For some, the word “cute” might mean as is, just a word. It’s even difficult to really explain the meaning of the word. It’s that kind of word that is so normal, so common, that people naturally know what it means and what it pertains to. But, for Japan, the word “cute” is not just any word. And if we put it in the words of an active Twitter user, it is a cultural reset.
In Japanese, the word “cute” roughly translates to the word “kawaii” and is one of the most used word in the Japanese language. Even though it is mainly used to describe anything endearingly cute, it is also a widely celebrated culture. At first, it was mainly popular in Japan but because of its strong influence over the Japanese, it spread throughout the different parts of the world and has enchanted various aspects such as food, fashion and art among many others.
If it is as influential as it seems to be, it really makes us wonder, where did it really began?
The Etymology of Kawaii
The word kawaii, despite its simple meaning of being cute, unexpectedly has quite a history. It is believed to have originated from the word kaohayushi which roughly describes a face flushed red from guilt or embarrassment. However, the word kaohayushi over the years has been changed into kawayushi and with that, its meaning altered as well. The word kawayushi now has various meanings such as embarrassing, vulnerable, small, cute, and lovable. By the Muromachi period, some years laters, kawayushi turned into kawaii, now meaning cute and lovable, and has stayed that way until the present time of 2020.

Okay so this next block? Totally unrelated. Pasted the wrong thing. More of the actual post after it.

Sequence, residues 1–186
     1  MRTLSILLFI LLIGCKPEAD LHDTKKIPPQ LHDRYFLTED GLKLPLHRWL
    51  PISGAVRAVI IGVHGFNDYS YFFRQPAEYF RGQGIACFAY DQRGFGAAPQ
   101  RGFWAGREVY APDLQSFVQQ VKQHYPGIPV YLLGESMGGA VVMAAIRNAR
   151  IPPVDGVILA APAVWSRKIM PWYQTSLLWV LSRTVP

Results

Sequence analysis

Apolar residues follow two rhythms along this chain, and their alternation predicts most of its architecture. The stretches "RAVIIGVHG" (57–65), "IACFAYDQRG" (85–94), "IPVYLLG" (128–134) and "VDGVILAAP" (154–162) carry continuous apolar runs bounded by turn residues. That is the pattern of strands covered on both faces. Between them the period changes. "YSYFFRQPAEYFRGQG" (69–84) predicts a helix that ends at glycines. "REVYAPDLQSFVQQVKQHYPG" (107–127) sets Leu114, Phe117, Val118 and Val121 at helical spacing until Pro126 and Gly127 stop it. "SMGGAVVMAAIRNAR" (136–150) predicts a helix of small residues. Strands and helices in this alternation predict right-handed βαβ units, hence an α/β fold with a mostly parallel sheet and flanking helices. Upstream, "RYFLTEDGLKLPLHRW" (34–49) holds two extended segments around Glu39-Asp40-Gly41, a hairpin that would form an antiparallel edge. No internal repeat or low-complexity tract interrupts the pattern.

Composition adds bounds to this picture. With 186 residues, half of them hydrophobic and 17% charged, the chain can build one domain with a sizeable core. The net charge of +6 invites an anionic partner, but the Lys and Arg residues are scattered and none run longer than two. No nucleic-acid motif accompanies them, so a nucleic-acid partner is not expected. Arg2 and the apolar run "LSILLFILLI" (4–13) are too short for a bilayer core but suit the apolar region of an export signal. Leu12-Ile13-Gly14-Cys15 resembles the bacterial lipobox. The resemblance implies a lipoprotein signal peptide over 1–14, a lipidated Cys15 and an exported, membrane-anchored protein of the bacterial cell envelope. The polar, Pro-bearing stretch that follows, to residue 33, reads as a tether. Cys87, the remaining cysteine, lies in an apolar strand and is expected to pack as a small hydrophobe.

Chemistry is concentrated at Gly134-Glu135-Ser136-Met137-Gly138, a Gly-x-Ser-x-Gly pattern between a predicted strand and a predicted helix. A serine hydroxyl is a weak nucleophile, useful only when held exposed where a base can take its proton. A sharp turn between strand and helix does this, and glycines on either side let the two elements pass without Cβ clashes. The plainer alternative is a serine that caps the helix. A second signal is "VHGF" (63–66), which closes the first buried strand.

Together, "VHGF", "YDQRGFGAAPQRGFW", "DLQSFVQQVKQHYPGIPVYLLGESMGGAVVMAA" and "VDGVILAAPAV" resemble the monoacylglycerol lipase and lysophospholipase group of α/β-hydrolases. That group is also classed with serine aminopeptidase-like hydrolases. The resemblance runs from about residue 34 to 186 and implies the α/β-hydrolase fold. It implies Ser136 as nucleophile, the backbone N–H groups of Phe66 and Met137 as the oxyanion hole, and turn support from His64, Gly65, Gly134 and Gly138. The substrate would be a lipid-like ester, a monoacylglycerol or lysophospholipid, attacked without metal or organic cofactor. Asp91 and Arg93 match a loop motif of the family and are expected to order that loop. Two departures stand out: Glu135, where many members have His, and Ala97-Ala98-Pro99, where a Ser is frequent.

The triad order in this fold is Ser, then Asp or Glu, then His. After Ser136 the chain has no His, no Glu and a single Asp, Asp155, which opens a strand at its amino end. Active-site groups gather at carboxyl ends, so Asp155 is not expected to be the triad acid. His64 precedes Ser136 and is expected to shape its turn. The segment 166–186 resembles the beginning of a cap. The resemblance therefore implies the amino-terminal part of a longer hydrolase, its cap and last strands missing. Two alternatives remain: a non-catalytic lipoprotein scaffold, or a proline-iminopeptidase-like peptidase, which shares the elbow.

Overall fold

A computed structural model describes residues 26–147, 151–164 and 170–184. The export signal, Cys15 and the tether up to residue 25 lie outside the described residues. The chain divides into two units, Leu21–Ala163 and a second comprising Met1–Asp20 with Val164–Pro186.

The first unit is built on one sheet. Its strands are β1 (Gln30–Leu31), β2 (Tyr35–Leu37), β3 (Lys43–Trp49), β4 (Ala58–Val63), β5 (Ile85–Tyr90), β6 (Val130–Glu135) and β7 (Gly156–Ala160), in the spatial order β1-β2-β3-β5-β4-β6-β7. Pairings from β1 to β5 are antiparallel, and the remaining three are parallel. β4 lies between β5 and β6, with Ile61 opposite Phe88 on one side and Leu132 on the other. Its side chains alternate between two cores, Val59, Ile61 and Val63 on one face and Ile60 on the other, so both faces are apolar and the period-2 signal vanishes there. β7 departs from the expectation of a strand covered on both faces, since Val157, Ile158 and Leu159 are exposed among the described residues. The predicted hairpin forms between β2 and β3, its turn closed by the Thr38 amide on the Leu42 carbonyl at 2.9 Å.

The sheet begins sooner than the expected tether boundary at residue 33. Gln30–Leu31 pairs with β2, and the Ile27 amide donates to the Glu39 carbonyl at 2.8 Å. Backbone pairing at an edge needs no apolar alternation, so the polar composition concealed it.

The History of Kawaii
The emergence of kawaii all began in 1970 and it was all because of a certain change in handwriting. In the 1970's, specifically after World War 2, teenage girls began using mechanical pencils and started altering their handwriting. These mechanical pencils produce very thin lines, opposing to the traditional writing that has a variety of thickness and is written vertically. The girls also started writing in big and round characters, adding hand drawing pictures and symbols such as hearts, stars and tiny faces (which are actually, if we describe it in the modern time of 2020, emojis.)
However, this kind of writing is deeply frowned upon. Teenage girls started using this handwriting in school, and have even added the cute faces and shapes to go with it, which made it extremely difficult to read and understand. This resulted in controversies and was even banned from being used in schools.
By the 1980’s, magazines, packaging and comics had adapted this “cute” handwriting which eventually led to its rising popularity.
One of the first icons that really helped spread the kawaii culture into the world is someone, or something, that we all know and are very familiar with. I’ve seen individuals spend their money on vintage collectibles and even travel the world and collect every piece of this iconic cat. She’s cute, she’s famous, and she’s legendary. She is Hello Kitty, the kawaii culture’s ambassador.